Lymphocyte to monocyte ratio-based nomogram for predicting outcomes of hepatocellular carcinoma treated with sorafenib

Hepatol Int. 2020 Sep;14(5):776-787. doi: 10.1007/s12072-020-10076-4. Epub 2020 Aug 1.


Background: The ability of the pretreatment lymphocyte to monocyte ratio (LMR) to predict outcomes of patients with hepatocellular carcinoma (HCC) receiving sorafenib is not conclusively determined.

Methods: We retrospectively studied patients treated with sorafenib for HCC in two tertiary referral centres in Asia and North America. Primary endpoints were overall survival (OS) and progression-free survival (PFS). Predictive factors for the outcomes were determined by Cox proportional hazards models. A risk assessment tool was developed.

Results: Compared to the North America cohort, the Asia cohort was more heavily pretreated (72.1% vs. 35.2%; p < 0.001), had higher hepatitis B virus infection (87.6% vs. 5.6%; p < 0.001), and more distant metastases (83.2% vs. 25.4%; p < 0.001). Lower monocyte count in the Asia cohort (median 462.7 vs. 600.0/μL; p = 0.023) resulted in a higher LMR (median 2.6 vs. 1.8; p < 0.001). High LMR was associated with a significantly higher OS [hazard ratio (HR) 0.88; 95% confidence interval (CI) 0.81‒0.97; p = 0.007]. This was confirmed in a sensitivity analysis including patients treated in Asia only (HR 0.89; 95% CI 0.81‒0.97; p = 0.010). An OS nomogram was constructed with the following variables selected in the multivariate Cox model: LMR, treatment location, previous treatment, performance status, alpha-fetoprotein, lymph node metastasis, and Child‒Pugh score. The concordance score was 0.71 (95% CI, 0.67‒0.75). LMR did not predict PFS.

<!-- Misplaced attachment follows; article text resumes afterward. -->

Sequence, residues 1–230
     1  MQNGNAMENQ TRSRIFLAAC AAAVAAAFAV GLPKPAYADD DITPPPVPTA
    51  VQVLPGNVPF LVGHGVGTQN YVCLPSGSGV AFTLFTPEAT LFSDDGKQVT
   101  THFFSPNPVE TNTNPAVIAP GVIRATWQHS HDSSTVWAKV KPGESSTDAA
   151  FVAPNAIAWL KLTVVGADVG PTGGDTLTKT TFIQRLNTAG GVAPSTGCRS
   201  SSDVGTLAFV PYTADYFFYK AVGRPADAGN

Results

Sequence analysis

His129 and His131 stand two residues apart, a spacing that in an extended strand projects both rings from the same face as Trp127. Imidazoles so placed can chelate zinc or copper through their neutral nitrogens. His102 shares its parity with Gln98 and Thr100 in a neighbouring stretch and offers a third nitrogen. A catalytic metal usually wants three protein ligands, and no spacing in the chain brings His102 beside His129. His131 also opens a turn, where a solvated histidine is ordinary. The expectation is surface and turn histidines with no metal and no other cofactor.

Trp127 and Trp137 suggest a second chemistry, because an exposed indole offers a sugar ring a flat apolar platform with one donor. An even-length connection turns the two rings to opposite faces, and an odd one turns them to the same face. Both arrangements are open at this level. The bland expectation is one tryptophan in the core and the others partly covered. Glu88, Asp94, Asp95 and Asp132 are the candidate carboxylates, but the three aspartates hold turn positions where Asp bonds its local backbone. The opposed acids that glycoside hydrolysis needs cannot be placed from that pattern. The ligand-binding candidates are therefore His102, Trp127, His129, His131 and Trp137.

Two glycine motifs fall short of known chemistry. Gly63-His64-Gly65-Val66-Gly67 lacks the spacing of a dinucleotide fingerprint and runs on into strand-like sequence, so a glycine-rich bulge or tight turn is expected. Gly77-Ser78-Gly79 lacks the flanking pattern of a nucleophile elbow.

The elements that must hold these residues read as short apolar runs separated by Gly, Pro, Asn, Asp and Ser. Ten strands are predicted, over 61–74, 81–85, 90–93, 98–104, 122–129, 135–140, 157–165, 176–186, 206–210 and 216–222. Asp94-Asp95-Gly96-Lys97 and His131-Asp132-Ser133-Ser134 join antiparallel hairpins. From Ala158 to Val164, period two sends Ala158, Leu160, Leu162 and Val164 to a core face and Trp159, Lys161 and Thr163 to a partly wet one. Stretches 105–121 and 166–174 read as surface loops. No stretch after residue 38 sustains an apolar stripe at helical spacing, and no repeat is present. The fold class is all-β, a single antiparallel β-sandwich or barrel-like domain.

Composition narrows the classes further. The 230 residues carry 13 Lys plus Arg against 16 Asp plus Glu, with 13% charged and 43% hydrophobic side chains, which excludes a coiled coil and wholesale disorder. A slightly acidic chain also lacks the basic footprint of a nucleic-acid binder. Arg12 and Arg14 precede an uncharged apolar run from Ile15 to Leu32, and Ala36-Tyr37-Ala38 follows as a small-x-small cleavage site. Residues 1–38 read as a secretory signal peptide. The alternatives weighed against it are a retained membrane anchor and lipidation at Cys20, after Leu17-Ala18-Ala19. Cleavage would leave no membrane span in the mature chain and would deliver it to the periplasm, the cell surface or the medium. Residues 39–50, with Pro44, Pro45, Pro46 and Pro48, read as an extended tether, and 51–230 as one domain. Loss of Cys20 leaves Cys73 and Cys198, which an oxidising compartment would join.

Conclusion: LMR measured before sorafenib administration predicts OS in advanced HCC patients. Our OS nomogram, incorporating LMR, can be offered to clinicians to improve their ability to assess prognosis, strengthen the prognosis-based decision-making, and inform patients in the clinic.

Keywords: Chemotherapy; Liver cancer; Lymphocyte; Monocyte; Overall survival.